Ocean Tomo Catches the Wave in Valuing Intellectual Property

By Alan Sipress
Washington Post Staff Writer
Sunday, May 6, 2007

Some of the manufacturing jobs that built American industrial might have left for foreign shores. Services, too, are taking wing. American capital now crosses the border with the ease of a mouse click.

What remain at the core of today's U.S. economy are innovative ideas -- intellectual capital.

But even as economists and corporate executives acknowledge this new reality, they've found it difficult to accurately measure the worth of ideas to companies and the economy.

That's where Keith Cardoza came in. An asset manager at Ocean Tomo, a Chicago financial services firm specializing in intellectual property, Cardoza concluded the marketplace was failing to keep pace with the economy's seismic shift over the last generation. His research showed that knowledge had displaced traditional assets as the lifeblood of the U.S. economy.

Cardoza set out last year to create a stock index that, in his view, reflects the role invention plays in fueling economic growth. The result was the Ocean Tomo 300 patent index, which uses a novel technique for valuing patents held by companies to assemble what he says is a roster of many of the country's most innovative enterprises.

By contrast, leading stock indexes such as the Standard & Poor's 500-stock index and Dow Jones industrial average try to capture activity in the broader economy by listing a cross-section of large companies. The Ocean Tomo 300 has only been live for seven months, too short a time to judge its long-term prospects; for now, it is outperforming the S&P 500 by slightly less than half a percent.

Cardoza's index is not an investment, but after it was established, a separate exchange-traded fund based on the index and called the Claymore/Ocean Tomo Patent ETF debuted on the American Stock Exchange. That fund, issued by Claymore Securities, now has $16.2 million in assets and closed Friday at $27.17.

"I realized that we are in a time in our economy when we have outsourced manufacturing to China and outsourced services to India. What we have left in this country is knowledge," Cardoza said.

Some analysts are intrigued by the approach for pricing patents, which give companies a valuable, limited monopoly on new inventions, but have questions about whether patents should serve as the basis of a stock index. Skeptics say patent value may prove too narrow a measure of corporate prospects.

"It's not clear that intellectual property equates to superior performance over the long term," said Jeff Tjornehoj, a senior research analyst at Lipper. He noted that many of the most successful stocks of the last decade, including Berkshire Hathaway and Countrywide Financial, are missing from the Ocean Tomo index.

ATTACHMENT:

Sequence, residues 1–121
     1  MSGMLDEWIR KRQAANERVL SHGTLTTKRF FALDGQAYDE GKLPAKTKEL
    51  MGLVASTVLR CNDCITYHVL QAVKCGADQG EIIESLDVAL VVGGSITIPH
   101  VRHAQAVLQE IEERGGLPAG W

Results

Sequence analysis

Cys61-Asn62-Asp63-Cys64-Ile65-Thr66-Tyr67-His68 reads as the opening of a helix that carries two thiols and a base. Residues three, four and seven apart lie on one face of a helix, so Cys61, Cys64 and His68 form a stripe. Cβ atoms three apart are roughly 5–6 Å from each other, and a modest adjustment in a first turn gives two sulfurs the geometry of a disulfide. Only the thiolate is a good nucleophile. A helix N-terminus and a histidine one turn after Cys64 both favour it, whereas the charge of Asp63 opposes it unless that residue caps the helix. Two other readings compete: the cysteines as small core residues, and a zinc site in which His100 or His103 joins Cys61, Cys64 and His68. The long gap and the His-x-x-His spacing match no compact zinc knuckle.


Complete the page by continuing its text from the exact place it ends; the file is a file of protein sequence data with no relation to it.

Cardoza said his patent index is as well suited to the current era as the Dow was to the industrial age, taking into account factors that the Dow and other indexes don't.

Cardoza said his research showed that tangible assets, like plants, equipment and inventory, represented four-fifths of the market value of U.S. companies 30 years ago. The other fifth came from intangible assets like brand name, reputation and other factors. Now, he said, the ratio has flipped, and intangibles, which he valued by subtracting tangible assets from a company's total market value, make up four-fifths of the pie, with the largest slice made up of patents, copyrighted material and other forms of intellectual property.

Ocean Tomo is not the only company that's tried to measure the value of patents. The Patent Board, a Chicago research firm, publishes a scorecard ranking companies based on the number and quality of their patents across 17 different industries.

The notion that patents are tied to growth is not entirely new. A study published last year by the Federal Reserve Bank of Cleveland found that the single best predictor of how a state's income will grow is the number of patents in the state per capita. Education ranked second.

Ocean Tomo's valuation system for rating patents was developed by California patent lawyer Jonathan Barney, who now works for the firm. Barney's key insight was that companies, which are required to pay the U.S. Patent Office every four years to maintain their patents, would only do so if the patented technology was proving to be valuable. Barney identified 53 factors in a patent document that indicated whether a patent was likely to be renewed -- that is, whether it was valuable.

For its index, Ocean Tomo evaluated the patents issued by the patent office according to these factors and then assigned each one a value relative to the others. Finally, using this rating system, Ocean Tomo selected 300 publicly traded companies that own what were found to be the most valuable patents relative to the company's book value.

"Now, knowledge is transformed into intangible forces of power," Cardoza said.

Staff researcher Richard Drezen contributed to this report.

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